They also said that the concerned SIDBI official in the risk management department was asked to go on leave on the issue of proper assessment of the risk on this exposure.
Calls and messages from Business Standard to top executives at both IL&FS
and SIDBI did not elicit responses.
While the amount of default could not be ascertained, a Moneylife report said it was a short-term loan amounting to Rs 10 billion.
This is probably the first time that a large financial institution has defaulted on a loan repayment, said banking sources.
SIDBI does not have any security to invoke on its loan to IL&FS
and the Insolvency and Bankruptcy Code (IBC) does not apply to non-banking financial companies (NBFCs), the Moneylife report further said.
Even a small default like this will have a negative impact on the credit rating of IL&FS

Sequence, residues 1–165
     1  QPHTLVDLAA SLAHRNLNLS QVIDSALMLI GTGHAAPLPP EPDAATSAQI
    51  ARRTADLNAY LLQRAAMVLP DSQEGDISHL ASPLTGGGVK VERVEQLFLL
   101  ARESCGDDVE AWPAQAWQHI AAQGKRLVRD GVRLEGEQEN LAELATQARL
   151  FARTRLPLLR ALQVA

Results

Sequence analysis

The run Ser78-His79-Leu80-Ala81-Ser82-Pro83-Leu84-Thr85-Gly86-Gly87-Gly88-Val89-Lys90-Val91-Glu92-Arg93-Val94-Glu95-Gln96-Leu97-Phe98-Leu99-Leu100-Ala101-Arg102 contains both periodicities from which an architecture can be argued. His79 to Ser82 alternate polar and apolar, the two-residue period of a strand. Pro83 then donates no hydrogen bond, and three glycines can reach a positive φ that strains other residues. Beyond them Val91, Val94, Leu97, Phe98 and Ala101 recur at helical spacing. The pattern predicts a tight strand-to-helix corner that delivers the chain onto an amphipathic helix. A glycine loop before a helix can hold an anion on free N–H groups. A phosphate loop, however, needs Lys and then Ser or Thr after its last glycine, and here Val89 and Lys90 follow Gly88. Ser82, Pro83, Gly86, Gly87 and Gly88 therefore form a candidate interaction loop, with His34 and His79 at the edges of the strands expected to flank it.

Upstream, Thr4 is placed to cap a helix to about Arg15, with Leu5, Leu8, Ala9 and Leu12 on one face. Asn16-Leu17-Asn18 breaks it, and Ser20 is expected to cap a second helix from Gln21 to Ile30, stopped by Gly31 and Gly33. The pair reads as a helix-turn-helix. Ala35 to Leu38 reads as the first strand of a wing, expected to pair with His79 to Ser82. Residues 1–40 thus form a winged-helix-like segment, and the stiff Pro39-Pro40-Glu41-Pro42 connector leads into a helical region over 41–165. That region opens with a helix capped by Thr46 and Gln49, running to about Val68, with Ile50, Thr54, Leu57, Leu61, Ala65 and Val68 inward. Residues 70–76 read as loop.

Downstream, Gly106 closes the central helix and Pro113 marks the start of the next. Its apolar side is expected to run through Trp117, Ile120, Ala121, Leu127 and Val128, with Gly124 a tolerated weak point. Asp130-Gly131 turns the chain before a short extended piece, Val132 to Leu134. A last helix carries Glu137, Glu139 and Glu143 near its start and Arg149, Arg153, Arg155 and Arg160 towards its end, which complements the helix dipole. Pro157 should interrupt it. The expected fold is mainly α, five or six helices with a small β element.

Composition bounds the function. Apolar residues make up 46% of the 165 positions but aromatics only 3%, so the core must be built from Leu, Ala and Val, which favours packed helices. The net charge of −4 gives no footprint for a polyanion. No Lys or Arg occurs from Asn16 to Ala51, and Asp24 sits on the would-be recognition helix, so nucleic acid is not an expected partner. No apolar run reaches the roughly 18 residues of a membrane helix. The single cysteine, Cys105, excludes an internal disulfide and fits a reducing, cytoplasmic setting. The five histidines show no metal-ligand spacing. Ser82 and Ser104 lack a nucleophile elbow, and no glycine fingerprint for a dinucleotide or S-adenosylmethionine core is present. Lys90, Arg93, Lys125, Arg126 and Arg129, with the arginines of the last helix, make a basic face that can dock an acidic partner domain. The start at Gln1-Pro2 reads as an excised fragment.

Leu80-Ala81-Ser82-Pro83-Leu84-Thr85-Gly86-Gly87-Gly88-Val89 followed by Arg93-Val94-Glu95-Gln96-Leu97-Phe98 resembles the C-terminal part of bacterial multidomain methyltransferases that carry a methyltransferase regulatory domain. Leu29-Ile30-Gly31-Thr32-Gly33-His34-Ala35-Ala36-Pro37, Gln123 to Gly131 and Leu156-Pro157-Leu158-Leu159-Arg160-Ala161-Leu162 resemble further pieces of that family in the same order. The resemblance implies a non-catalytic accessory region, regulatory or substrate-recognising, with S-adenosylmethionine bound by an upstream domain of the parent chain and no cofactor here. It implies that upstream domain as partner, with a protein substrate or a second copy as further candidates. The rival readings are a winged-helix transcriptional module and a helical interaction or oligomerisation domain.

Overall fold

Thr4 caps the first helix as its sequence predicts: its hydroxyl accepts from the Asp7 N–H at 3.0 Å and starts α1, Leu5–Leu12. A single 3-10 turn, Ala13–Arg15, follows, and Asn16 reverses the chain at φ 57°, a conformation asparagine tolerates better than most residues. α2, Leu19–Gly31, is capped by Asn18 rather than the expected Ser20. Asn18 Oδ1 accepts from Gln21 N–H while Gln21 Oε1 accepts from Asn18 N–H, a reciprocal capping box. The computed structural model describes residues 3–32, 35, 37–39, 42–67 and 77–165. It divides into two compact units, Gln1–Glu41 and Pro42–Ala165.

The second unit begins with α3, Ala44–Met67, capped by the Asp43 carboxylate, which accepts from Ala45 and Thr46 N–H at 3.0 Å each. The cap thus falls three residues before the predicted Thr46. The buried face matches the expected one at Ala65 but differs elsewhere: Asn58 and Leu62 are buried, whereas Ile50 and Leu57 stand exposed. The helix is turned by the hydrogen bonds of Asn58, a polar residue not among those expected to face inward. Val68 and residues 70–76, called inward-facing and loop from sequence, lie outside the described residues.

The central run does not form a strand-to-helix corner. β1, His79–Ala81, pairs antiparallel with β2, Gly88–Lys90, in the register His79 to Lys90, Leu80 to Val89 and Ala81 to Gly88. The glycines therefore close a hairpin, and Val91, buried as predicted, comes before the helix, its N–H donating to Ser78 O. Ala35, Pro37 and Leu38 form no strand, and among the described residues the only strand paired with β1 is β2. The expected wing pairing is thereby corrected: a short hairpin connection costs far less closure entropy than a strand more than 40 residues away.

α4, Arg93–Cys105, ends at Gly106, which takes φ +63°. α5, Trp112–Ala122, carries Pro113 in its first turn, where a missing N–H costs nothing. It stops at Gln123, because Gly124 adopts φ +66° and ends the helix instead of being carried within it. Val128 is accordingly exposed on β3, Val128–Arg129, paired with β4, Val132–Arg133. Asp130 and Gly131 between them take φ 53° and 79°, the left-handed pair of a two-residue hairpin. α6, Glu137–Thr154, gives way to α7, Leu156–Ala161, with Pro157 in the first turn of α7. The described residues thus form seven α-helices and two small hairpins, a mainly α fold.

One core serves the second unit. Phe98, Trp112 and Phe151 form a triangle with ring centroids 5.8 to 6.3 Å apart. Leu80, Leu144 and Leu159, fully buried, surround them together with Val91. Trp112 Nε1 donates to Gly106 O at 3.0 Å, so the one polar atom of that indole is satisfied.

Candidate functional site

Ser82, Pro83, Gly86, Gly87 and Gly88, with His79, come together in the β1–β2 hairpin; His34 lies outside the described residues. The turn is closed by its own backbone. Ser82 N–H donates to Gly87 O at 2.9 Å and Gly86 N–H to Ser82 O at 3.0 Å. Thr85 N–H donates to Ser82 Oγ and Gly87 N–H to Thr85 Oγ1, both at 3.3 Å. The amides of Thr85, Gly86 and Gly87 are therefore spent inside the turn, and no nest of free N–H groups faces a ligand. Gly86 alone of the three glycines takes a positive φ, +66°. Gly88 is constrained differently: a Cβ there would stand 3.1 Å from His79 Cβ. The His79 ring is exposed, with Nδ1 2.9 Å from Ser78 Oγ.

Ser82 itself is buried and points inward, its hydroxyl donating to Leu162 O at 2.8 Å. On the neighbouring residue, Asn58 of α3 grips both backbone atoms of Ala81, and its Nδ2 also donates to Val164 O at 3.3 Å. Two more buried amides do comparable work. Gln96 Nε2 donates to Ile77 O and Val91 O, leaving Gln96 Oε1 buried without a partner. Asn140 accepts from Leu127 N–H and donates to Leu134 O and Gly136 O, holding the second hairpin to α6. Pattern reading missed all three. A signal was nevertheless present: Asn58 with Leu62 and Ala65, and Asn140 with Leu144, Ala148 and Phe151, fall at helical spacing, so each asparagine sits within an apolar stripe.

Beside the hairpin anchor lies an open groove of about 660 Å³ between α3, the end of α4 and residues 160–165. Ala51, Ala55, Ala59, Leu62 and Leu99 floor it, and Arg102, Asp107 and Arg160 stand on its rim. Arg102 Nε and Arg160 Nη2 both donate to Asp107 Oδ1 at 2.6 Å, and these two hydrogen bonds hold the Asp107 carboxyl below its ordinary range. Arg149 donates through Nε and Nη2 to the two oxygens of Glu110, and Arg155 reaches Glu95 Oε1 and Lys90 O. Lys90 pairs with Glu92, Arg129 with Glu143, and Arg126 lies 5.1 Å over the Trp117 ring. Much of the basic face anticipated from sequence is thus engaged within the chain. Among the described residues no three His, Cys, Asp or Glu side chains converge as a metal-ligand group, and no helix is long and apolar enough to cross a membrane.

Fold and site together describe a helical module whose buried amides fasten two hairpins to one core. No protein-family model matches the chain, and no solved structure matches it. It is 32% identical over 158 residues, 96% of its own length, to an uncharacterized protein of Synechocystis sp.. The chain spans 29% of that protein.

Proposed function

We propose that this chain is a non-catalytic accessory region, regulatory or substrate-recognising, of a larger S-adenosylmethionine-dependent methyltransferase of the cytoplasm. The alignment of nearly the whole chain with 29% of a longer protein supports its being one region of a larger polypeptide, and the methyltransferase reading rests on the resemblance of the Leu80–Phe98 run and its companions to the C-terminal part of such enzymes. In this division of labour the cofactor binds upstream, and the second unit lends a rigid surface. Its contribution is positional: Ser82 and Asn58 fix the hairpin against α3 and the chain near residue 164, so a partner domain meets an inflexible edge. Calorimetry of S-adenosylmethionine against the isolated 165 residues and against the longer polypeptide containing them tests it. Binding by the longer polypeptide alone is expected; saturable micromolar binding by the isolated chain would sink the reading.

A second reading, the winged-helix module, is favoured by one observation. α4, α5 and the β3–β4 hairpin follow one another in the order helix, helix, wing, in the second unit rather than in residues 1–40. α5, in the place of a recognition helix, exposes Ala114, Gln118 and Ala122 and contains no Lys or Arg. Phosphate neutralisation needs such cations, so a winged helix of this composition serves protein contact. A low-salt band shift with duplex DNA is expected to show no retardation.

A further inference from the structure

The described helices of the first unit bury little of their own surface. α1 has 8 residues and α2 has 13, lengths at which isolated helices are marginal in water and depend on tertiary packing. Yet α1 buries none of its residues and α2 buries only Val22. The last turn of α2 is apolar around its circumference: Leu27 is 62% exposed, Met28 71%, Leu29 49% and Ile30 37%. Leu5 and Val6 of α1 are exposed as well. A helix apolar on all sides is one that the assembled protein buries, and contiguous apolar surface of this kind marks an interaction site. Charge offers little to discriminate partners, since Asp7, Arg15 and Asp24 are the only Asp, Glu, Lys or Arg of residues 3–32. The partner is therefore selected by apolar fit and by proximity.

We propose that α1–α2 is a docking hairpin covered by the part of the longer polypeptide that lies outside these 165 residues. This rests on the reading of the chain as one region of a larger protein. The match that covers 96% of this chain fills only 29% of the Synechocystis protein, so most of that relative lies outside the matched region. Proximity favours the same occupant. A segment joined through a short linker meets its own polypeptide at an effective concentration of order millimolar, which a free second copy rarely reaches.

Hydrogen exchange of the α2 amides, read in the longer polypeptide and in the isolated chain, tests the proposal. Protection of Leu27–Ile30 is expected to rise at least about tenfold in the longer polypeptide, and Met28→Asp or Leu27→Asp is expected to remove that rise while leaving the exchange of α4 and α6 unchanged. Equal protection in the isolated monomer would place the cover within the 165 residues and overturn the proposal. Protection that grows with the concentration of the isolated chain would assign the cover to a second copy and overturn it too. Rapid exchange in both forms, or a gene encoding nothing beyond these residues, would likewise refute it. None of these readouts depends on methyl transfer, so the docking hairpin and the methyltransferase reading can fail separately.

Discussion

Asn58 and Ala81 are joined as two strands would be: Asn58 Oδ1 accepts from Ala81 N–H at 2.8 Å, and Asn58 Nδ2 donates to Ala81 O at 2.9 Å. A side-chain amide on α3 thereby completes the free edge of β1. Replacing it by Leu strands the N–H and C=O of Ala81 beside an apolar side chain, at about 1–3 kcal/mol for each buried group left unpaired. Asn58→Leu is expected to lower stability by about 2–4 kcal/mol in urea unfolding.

group companies, and hence on their financing going forward.
In August, rating agency Icra
had downgraded IL&FS’s long-term loans and debentures. The change in the rating factored in the elevated debt levels owing to the funding commitments towards group ventures. In a statement last month, IL&FS
said the board took cognisance of the situation of overleverage. It had arisen as a significant percentage of the group’s liquidity, aggregating to over Rs 160 billion stuck in claims and termination payments.
has been facing liquidity problems and has asked its promoters, led by Life Insurance Corporation, to infuse Rs 45 billion by a rights issue by the end of September. Besides, IL&FS
has sought additional lines of credit worth Rs 35 billion from its promoters for immediate requirements.
group plans to shed its debt by 37.5 per cent, or by Rs 300 billion, to Rs 500 billion by divesting 25 projects over 12-18 months.
As on March 31, 2018, the company had a reported gearing of 3.04 times (on a standalone basis) and regulatory gearing of 2.30 times.